Myth 5: A high income equals a good credit score

It may seem counterintuitive, but having a high income doesn’t necessarily guarantee a good credit score. Although your debt-to-income ratio (DTI) does help lenders measure your ability to manage payment installments on borrowed money, your credit score is more dependent on the factors mentioned above, such as payment history, credit utilization ratio, etc. Having a higher income may make it easier to pay down debt more consistently, but it’s not a good measuring stick for how good your credit score could be.

Myth 6: Once your score is low, it's difficult to improve

Having a low credit score doesn’t mean you can’t take the necessary steps to improve it. Although it might take some time, anyone can improve their credit score with consistent effort. Start by paying your bills on time, reducing your credit card balances, and avoiding applying for new loans or lines of credit in a short period of time.

Looking to establish or rebuild your credit? Varo Believe is a secured credit card that can help you build your credit¹, and makes it easy to pay on-time and in-full. We report your payments to the three major credit bureaus to help you improve your credit score. In fact, Believe customers, on average, see a 40-point increase in their credit score after just three months with no late payments². Additionally, you can monitor your score directly on the Varo Bank app.

Given that your credit score is an essential part of your financial wellbeing and financial future, it’s crucial to debunk some of the common misconceptions surrounding it. By separating credit score myths from facts, you can be better positioned to monitor and improve your score, as well as make more informed financial decisions.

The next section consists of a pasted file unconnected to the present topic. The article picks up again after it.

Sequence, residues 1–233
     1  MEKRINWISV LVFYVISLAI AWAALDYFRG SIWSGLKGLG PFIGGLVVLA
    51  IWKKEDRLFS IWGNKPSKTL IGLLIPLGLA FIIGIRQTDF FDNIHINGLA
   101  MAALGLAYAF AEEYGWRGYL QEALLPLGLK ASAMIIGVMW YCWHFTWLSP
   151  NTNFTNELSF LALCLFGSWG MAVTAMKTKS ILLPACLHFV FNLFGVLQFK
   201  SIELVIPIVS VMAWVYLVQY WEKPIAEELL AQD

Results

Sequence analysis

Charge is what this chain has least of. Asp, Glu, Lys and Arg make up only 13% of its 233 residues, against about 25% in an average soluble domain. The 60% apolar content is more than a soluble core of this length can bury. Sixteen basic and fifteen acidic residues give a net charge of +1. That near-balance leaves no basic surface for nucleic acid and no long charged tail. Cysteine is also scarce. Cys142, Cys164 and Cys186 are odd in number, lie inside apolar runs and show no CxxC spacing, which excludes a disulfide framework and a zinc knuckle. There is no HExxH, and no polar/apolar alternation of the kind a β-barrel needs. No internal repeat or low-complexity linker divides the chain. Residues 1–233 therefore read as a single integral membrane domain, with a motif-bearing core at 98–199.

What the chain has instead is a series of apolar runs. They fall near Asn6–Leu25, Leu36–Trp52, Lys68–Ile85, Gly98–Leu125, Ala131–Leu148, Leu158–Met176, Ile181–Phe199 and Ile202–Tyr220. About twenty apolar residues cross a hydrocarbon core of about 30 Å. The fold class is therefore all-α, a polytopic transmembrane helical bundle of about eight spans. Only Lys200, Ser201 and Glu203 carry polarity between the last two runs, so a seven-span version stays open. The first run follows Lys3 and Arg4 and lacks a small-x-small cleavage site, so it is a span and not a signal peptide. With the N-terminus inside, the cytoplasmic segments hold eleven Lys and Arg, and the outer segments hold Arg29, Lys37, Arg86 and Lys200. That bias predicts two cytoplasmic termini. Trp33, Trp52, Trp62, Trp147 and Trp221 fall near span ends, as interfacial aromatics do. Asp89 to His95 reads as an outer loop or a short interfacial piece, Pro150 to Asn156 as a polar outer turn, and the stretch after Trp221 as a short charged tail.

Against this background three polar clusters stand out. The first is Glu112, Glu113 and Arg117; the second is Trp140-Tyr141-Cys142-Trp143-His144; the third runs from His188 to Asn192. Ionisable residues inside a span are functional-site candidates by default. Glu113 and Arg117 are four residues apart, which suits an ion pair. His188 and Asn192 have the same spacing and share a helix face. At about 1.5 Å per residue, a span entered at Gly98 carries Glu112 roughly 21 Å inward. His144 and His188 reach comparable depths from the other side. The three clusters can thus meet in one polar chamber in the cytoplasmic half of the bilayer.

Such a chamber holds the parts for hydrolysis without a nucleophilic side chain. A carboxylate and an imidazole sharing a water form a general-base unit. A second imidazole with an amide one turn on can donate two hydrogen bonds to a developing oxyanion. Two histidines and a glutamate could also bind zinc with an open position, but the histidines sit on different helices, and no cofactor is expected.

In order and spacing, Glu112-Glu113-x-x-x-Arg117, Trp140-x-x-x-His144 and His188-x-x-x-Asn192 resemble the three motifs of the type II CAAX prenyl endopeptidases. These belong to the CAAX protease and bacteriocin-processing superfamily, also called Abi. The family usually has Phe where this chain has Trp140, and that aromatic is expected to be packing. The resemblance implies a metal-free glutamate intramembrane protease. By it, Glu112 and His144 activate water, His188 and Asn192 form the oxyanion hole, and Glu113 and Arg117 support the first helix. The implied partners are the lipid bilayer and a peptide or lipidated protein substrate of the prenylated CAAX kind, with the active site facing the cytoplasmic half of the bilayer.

Unless otherwise noted above, opinions, advice, services, or other information or content expressed or contributed by customers or non-Varo contributors do not necessarily state or reflect those of Varo Bank, N.A. Member FDIC (“Bank”). Bank is not responsible for the accuracy of any content provided by author(s) or contributor(s) other than Varo.

¹ Varo Believe is a secured credit card designed to help you build credit; however, a variety of factors impact your credit and not all factors are equally weighted. Building credit may take time and Varo Believe may be able to help when you consistently make on-time payments.

² Customers who had an existing credit score showed an average score increase of approximately 40 points after three months of having Varo Believe and no late payments on their credit. Individual results may vary. Some customers may not see an increase, but customers with bad or thin credit histories are likely to see the biggest positive impact on their score from using Varo Believe and making consistent on-time payments. Score increase is based on the VantageScore 3.0, a credit score alternative to the FICO score. VantageScore and FICO use different models and weigh factors differently when determining a credit score.